The crime: The names, addresses and other personal data of about 77 million people with accounts on the PlayStation Network (PSN) were stolen.
Lesson for 2012: Make sure that your website server software is up to date. Regard website hacking as a potential threat and put in place measures to control its access and content, especially if you store personal details on your website or servers.
The crime: The organisation was held responsible for releasing top secret information about governments across the world on its website.
Lesson for 2012: If sensitive information about your business is leaked into the public domain, it could damage your reputation. Be careful what information you share online and make sure your staff members are as cautious.
The crime: Students across the UK mistakenly handed over access to their accounts and card details after receiving emails asking them to confirm their details. They were scammed anywhere between £1,000 and £5,000.
Lesson for 2012: Never volunteer your card or account details in an email or phonecall. Neither your bank nor any other companies will ask to update financial details in this way.
The crime: An example of clickjacking is where links to videos on Facebook take you to a fake page asking for your login details to see the video. By entering your details, you have given the criminals access to your account and may have downloaded malware.
Lesson for 2012: Make sure employees understand that they need to be responsible whle using your network and think twice before clicking on a link. Implement an acceptable use policy (these are available to download at no charge at www.ecrimewales.com).
The crime: Research in Motion’s BlackBerry blog was hacked after the London riots warning Blackberry not to assist the police. In a totally unrelated event shortly after, BlackBerry’s entire service went down for a week.
Lesson for 2012: Make sure that mobiles are password/pin protected and any vital information on them is backed up to an external hard-drive so that losing your phone isn’t the end of the world.
The crime: Google removed 22 applications from its Android Market after they were discovered to contain fraudulent software. Apps posing as popular third-party software such as Angry Birds tricked users into sending premium text messages.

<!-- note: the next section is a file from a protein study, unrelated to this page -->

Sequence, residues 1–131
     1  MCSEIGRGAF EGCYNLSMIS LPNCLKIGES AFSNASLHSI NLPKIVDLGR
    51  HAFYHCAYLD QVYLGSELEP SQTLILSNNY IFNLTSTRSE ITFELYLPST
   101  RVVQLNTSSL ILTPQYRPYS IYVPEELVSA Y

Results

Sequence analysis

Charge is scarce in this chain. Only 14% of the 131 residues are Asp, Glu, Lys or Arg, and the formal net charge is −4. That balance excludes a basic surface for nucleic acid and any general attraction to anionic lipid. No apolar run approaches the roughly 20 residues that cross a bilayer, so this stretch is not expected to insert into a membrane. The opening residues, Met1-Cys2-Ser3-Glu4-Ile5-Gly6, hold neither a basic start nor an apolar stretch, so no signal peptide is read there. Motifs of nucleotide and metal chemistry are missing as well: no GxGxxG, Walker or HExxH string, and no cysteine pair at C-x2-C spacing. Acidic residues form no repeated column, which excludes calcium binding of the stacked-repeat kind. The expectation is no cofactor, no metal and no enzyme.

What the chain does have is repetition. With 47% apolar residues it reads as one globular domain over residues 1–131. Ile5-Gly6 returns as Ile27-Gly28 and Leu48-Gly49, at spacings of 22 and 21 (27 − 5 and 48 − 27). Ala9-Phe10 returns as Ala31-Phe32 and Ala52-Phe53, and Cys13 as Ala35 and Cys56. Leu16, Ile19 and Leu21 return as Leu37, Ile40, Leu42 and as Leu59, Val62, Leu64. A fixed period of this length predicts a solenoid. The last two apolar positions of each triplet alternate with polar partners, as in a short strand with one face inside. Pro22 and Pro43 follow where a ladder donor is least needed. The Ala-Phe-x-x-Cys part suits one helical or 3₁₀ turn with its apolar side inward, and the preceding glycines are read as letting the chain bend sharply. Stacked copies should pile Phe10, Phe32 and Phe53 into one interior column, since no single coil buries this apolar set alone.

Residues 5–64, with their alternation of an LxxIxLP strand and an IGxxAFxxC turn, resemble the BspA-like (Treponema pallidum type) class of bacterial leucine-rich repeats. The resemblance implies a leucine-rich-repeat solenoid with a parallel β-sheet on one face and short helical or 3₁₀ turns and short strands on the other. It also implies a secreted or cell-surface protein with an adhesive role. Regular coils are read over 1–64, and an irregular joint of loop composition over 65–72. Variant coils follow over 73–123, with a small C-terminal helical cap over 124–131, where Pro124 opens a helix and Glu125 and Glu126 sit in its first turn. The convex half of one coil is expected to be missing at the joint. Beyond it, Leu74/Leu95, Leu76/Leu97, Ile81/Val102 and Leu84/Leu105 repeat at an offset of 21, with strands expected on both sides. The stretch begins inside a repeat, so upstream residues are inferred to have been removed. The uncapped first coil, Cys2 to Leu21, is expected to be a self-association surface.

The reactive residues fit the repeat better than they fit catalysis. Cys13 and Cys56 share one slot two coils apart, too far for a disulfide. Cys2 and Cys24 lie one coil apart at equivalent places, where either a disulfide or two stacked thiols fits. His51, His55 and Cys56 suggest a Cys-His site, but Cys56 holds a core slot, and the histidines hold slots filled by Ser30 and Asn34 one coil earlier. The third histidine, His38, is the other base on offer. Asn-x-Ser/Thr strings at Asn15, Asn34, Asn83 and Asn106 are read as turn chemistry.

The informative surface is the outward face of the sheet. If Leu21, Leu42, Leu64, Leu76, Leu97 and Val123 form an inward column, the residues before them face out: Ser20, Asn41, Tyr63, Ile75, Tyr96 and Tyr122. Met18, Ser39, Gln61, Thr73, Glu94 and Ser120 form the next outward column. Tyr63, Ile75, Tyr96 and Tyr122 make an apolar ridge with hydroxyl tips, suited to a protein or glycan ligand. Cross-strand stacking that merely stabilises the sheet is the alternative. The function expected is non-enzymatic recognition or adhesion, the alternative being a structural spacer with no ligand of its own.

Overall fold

Lesson for 2012: Similar to click-jacking scams, make sure that all employees are aware of the risks of downloading applications that could harbour any nasty viruses. Make sure you have strict controls over what software can be installed.
The crime: The usual “African prince seeks refuge in the UK needs your bank account details in return for financial gain” scam was sent out in the Welsh language to improve its authenticity.
Lesson for 2012: Cyber criminals are constantly devising new scams. Always be cautious: don’t believe an email just because it knows your name.
The crime: Earlier this year, the first fake anti-virus software was found on a Mac. Most likely, the user paid for the virus, posing as a fake-AV to be installed on the computer.
Lesson for 2012: Typically, these scams get their success from people trying to save money on security software. Don’t cut corners, it will come back to haunt you. Install security software from reputable, known sources.
The crime: Victims have been receiving calls from someone claiming to be from Microsoft stating that their PC is broken. After convincing the victim to hand over remote access of their computer, the e-criminal steals sensitive data such as bank details and passwords.
Lesson for 2012: Microsoft will never contact you if something is wrong with your PC – you always contact them. Ask for a number to call them back on and look it up online. Don’t give them remote access to your computer or give them your credit card details.
The crime: Not just celebrities’ phones were hacked. A former Northern Ireland-based army intelligence officer alleges that his computer was hacked by News of the World journalists.
Lesson for 2012: The only way to defend against these attacks is by building strong defences around your data. Avoid common passwords such as “password” or “123456” and have up-to-date security software. Use a difficult password and frequently change it.
Tony Neate is a member of e-Crime Wales’ steering group and managing director of Get Safe Online.